• Equally common in dark-skinned individuals & may not be related to UV exposure
  • Unusual variants of melanoma: Subungual, mucosal lentiginous, amelanotic, desmoplastic, verrucous

Molecular Classification of Melanoma

  • Molecular subtypes of melanoma resulted from identification of activating mutations in the mitogen-activated protein kinase pathway & are the targets of drug therapy
  • BRAF (V-raf murine sarcoma viral oncogene homolog B1) gene is the most common mutation & occurs in superficial spreading & nodular melanoma
    • Majority have a substitution at position 600 BRAF (V600E)
  • NRAS [neuroblastoma RAS viral (v-ras) oncogene homolog] also occurs in superficial spreading & nodular melanoma
  • C-KIT mutation or increased copy number & CDK4 (cyclin-dependent kinase 4) mutation are seen in mucosal & acral melanomas
    • C-KIT mutation occurs in lentigo maligna melanoma & is the most common subtype in Asians and African Americans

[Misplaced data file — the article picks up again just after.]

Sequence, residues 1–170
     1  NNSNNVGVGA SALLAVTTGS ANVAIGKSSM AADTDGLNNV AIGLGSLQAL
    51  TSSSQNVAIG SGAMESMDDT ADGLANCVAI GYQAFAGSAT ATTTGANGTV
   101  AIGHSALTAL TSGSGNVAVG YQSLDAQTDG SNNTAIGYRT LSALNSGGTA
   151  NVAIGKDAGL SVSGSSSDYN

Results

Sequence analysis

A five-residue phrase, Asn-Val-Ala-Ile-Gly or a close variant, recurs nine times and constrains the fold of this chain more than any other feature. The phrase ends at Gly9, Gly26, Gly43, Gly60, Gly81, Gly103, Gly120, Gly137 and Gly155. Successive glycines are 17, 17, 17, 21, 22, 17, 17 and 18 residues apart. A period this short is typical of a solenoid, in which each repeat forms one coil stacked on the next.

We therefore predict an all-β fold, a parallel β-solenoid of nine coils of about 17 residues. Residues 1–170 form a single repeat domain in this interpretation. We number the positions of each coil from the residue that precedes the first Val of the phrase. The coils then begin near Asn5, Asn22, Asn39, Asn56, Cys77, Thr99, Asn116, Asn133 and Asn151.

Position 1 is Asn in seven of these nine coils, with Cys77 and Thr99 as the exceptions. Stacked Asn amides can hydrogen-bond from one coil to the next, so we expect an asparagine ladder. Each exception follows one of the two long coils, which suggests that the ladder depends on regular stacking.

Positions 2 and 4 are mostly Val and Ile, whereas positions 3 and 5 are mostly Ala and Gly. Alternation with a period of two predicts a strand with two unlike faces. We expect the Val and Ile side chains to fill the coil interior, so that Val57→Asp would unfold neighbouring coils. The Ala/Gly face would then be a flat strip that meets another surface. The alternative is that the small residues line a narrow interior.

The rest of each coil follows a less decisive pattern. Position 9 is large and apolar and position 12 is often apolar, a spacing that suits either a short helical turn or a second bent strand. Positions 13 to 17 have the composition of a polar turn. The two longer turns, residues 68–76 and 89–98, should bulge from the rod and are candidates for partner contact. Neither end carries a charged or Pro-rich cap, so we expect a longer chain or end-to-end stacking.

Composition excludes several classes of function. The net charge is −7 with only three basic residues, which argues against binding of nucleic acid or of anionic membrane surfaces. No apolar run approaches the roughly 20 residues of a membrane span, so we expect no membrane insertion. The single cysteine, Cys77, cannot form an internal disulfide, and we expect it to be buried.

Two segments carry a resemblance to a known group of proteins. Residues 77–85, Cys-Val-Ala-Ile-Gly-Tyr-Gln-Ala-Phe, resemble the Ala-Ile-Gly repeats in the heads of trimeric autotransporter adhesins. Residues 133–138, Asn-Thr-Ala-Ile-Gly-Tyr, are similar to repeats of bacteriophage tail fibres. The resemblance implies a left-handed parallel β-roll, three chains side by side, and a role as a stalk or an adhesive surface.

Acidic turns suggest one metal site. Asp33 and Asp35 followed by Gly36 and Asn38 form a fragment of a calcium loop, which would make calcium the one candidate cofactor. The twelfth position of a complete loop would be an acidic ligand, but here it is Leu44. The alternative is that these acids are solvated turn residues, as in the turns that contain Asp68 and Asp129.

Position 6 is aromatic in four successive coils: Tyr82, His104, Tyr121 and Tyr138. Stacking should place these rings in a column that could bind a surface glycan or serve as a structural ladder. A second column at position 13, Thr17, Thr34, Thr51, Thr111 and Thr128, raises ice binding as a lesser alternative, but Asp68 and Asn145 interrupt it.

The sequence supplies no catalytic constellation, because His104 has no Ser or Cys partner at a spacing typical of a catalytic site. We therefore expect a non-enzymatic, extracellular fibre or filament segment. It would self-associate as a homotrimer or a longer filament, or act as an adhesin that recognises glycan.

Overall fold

Staging

  • Preliminary workup includes a thorough medical history & physical examination
    • A detailed history should include an evaluation of melanoma-related risk factors & review of systems paying attention to skin, lymphatic, neurologic, pulmonary, gastrointestinal, & musculoskeletal systems
    • Physical examination (PE) should be focused on a complete examination of the skin & lymph nodes
  • Staging studies may include lab tests (CBC, LDH, liver function tests) & imaging procedures (chest x-ray, CT & PET scans, MRI, & nodal ultrasound)
    • In asymptomatic patients w/ newly diagnosed melanoma of any thickness, baseline lab tests & imaging studies are generally not advised; may be performed if clinically indicated based on patient’s signs & symptoms